I do most things slowly these days, apart from falling into bed.
Anyhow despite MY dealing with intense burn out the rest of the world rolls on.
A few of the Epic highlights in my small world include Beograd Pride being banned by the Serbian government (again) , widespeard rioting in London, joining the LURVE squad and taking part in trying to reorganise our Queer Beograd event on class and borders.
So yeah, completely NOT in chronological order.
Beograd Pride was due to take place on October 2nd in Beograd - prior to the event people I knew there were already wondering about wether it would go ahead or not. A lot of disillusionment was being voiced as to how mainstreamed and noninclusive of any radical poltical message the pride had become. In advance of pride meetings had taken place between Police and one of the more 'respectable' rightwing groups with an agreement being reached that some police would call for a boycott on policing pride. Serbias bids to join the EU are not going at all well. Pride organisers refused the offer of striking raspberry pickers to join in solidarity with the pride march. More radical autonomist groups are told that their messages would not be welcome at Pride. (let's keep the rainbow flag squeaky clean)
At the end of the day same old story - the Serbian government banned the pride on the grounds that too much violence could be expected and it would beyond their capacity to prevent this. A COP OUT - in more ways than one.
A few months earlier in London; it's old news now but yes there was rioting. Initially sparked by the police killing Mark Duggan in Tottenham and their brutal response towards protests over his death. Rioting rapidly spread across London.
One thing I found interesting with the riots was the huge range of opinions about what the rioting meant and wether or not it was a valid response. From cheering on the social unrest to condemming the rioters as 'criminal scum' it was unpredictable to say the least as to who would voice which opinion.
Being present at the beginning of rioting in Hackney was also interesting. Ive been in plenty of 'riot' situations but usually in a semi organised activist context. This was something else. Outside Hackney town hall I watched the tension grow, cops advance with standard space claiming strategies and a fluid crowd response from people who I'm guessing hadn't spent a great deal of time studying protest techniques practiced in the global south (those so often cited in activist circles).
Its weird being in a riot where you have no knowledge of a pre-established goal, crowd coherence or an affnity group that you can relate to. The group of young guys sitting next to me were discussing what the police would do next. My house mate and I both experienced in crowd dynamics and police tactics during demonstrations attempt to chip in. The boys look straight through us, we are not part of the group, we are not visible. Its one of those rude moments when I realise that everyday I live looking away from these boys...my own racism/class divides/social separation/alienation... believing the media, living with the reality of violence in my neighborhood. Not being able to find answers to these very complex questions that are part of the day to day in this city, this economy, this capitalist fucking mess.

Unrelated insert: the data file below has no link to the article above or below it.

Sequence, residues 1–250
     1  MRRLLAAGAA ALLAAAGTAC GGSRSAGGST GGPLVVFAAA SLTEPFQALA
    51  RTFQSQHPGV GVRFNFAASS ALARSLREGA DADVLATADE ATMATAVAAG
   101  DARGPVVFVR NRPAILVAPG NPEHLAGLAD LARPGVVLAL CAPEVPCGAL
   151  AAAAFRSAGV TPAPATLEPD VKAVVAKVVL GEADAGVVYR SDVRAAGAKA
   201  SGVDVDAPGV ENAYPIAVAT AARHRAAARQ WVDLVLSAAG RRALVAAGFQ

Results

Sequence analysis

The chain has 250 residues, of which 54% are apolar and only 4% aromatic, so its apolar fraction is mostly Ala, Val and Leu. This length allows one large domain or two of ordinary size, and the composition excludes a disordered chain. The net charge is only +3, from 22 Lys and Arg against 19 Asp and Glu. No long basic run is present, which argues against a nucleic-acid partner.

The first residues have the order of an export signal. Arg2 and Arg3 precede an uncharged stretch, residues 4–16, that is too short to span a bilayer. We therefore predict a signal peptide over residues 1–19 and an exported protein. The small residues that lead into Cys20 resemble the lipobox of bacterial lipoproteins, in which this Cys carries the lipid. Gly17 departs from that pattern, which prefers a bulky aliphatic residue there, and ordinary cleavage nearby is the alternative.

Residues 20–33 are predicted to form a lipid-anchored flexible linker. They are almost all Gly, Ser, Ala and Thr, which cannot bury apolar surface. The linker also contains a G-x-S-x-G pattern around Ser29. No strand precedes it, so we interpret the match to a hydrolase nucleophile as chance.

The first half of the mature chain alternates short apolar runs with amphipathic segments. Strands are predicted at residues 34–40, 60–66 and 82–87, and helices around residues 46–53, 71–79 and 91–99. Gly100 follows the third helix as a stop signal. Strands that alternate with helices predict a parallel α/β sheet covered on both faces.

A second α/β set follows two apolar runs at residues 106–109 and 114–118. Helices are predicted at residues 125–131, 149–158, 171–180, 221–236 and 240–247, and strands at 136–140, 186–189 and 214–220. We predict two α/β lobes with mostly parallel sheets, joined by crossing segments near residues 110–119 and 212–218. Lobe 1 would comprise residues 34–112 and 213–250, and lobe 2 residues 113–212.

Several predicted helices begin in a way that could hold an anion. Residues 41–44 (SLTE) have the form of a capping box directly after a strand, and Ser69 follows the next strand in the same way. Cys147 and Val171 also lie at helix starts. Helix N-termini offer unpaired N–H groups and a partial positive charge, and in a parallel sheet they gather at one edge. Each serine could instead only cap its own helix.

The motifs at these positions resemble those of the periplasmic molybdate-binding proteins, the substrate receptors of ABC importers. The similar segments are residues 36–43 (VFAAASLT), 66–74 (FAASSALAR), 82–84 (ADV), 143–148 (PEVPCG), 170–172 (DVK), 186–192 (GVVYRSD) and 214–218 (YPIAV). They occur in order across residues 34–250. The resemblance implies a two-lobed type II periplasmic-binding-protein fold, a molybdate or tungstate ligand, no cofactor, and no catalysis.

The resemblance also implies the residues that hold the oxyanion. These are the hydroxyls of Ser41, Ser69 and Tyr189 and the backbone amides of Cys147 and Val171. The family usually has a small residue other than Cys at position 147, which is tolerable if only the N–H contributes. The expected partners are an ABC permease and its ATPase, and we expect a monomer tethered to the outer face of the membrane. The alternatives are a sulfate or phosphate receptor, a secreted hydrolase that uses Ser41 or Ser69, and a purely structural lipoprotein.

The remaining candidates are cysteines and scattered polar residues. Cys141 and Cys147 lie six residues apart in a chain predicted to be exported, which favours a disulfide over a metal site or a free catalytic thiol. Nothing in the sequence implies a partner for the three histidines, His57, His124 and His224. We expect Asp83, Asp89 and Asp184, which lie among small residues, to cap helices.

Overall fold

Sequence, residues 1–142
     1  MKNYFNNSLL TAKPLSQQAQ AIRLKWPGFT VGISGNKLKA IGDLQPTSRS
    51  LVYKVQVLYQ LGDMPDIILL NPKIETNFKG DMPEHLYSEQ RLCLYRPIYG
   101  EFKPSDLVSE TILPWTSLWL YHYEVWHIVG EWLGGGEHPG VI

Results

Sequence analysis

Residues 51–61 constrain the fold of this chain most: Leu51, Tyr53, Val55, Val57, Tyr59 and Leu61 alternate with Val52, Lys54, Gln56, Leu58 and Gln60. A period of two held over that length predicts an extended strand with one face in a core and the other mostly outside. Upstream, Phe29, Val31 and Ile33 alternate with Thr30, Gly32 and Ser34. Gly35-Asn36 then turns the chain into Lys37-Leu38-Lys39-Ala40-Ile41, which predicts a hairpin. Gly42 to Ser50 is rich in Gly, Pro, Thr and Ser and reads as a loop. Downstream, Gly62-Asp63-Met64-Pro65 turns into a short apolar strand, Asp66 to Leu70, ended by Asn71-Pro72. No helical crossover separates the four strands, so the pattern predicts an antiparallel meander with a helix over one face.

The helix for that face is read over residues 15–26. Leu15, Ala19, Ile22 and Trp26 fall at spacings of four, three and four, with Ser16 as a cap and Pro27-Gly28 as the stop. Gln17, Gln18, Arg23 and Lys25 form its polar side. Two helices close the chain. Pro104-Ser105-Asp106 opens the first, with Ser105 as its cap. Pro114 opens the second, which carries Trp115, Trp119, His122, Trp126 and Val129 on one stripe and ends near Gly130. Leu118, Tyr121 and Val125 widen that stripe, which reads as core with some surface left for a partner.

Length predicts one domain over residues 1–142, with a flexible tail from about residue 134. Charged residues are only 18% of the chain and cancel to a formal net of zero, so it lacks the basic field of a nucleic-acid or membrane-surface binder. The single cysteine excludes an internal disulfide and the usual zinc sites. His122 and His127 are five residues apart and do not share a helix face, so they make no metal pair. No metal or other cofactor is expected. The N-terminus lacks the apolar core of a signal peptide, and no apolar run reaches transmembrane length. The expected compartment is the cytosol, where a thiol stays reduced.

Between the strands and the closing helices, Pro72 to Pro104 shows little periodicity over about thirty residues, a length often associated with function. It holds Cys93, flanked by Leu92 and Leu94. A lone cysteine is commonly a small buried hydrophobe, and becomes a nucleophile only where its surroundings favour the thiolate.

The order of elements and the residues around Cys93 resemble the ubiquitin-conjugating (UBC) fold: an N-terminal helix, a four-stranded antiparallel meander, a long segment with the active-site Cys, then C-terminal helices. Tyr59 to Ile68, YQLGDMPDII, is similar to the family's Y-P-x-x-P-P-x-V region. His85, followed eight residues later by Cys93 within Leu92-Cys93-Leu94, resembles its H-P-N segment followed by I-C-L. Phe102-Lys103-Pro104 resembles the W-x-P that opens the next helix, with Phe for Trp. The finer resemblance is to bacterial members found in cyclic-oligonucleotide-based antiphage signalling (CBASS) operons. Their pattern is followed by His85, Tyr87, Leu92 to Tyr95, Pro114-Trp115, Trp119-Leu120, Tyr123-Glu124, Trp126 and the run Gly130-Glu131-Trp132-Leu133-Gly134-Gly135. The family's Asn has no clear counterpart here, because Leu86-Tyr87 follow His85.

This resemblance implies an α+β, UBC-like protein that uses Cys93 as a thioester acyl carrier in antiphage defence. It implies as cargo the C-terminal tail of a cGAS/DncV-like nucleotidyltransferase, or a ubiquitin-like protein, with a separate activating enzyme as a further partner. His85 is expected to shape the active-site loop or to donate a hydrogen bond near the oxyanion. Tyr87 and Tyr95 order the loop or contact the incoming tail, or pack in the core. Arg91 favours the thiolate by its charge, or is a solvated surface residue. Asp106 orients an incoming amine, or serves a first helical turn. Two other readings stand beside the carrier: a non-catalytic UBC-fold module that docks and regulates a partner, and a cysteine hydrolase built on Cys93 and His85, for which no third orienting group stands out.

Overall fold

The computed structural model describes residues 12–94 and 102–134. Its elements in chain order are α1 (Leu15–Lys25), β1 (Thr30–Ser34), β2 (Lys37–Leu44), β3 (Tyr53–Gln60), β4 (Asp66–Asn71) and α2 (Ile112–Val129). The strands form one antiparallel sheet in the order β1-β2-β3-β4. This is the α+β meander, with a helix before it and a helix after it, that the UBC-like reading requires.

When Im sure things are about to kick off with the cops I leave, Im not up for a street fight, I don't have it in me. I spend some time dodging half bricks and bottles being thrown at a police van that pulls up next to me in the street, I run with other people around me, reaching out and making contact to make sure others are ok.
Later I stand at the end of my street with other people who live on my estate watching as the local service station and pawn shop are looted. Some one runs thru our estate clutching their new free wide screen TV. I walk down a brick and bottle strewn high street with my neighbour to pick up her teenage girls from the other side of a police line. Once we find her girls they ignore us and rapidly walk off as we are not 'cool enough' to be seen with.
the next days and nights in my neighborhood are tense, quiet in a way that is scary - its never that quiet here - always full of sirens. All this fear of violence its like the usual events of any given month or year have been compressed into a few hours of rioting - a flare of the frustration, crime and poverty that is part of everyday.
Again in Beograd - where again I dont go because I'm too tierd, because I want to conserve my energy and get well. Because i just dont fucking have it to stand the fear involved in not knowing what will happen, what fascists are or arent going to do - the shear stress of being there. Instead I read the crew emails and comment on discussions (before the fucking Pride is banned) on how meetings and organising for this event on class and borders are going, how some believe it's essential that we should attempt to define what 'working class' means.
Me - i can see sweet fuck all point in defining 'working class' because i dont want to fall back into simplistic old methods. Clearly there IS a class system operating but im not prepared to accept it's so simple as some would want us to believe.
i just want to know why there are always people out drinking coffee and eating lunch in the gentrified part of my neighbourhood when on the other side of the estate its all street drinkers, crack, stabbings and garbage. why in the midst of those polite cafes i can see the police in riot gear harrassing the local youths.
I forgot to mention love, its there amongst all this violence, poverty, confusion, exhaustion... i still have a love heart embroidered on the sleeve of my rock n roll cardigan.